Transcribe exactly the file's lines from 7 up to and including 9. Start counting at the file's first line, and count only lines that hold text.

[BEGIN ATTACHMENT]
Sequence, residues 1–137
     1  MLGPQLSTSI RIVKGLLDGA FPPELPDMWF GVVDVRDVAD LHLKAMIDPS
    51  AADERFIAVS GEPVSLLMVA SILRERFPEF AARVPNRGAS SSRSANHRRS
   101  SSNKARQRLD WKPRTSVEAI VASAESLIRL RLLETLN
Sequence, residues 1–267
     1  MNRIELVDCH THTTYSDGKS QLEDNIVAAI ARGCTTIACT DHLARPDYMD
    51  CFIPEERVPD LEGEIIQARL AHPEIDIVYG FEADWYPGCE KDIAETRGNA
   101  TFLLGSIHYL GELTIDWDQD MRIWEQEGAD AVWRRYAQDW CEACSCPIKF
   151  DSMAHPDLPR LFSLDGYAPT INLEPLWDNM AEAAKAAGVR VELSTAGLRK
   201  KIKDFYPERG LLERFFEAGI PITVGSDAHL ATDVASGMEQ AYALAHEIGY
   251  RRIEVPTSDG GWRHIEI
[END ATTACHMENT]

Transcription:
    51  CFIPEERVPD LEGEIIQARL AHPEIDIVYG FEADWYPGCE KDIAETRGNA
   101  TFLLGSIHYL GELTIDWDQD MRIWEQEGAD AVWRRYAQDW CEACSCPIKF
   151  DSMAHPDLPR LFSLDGYAPT INLEPLWDNM AEAAKAAGVR VELSTAGLRK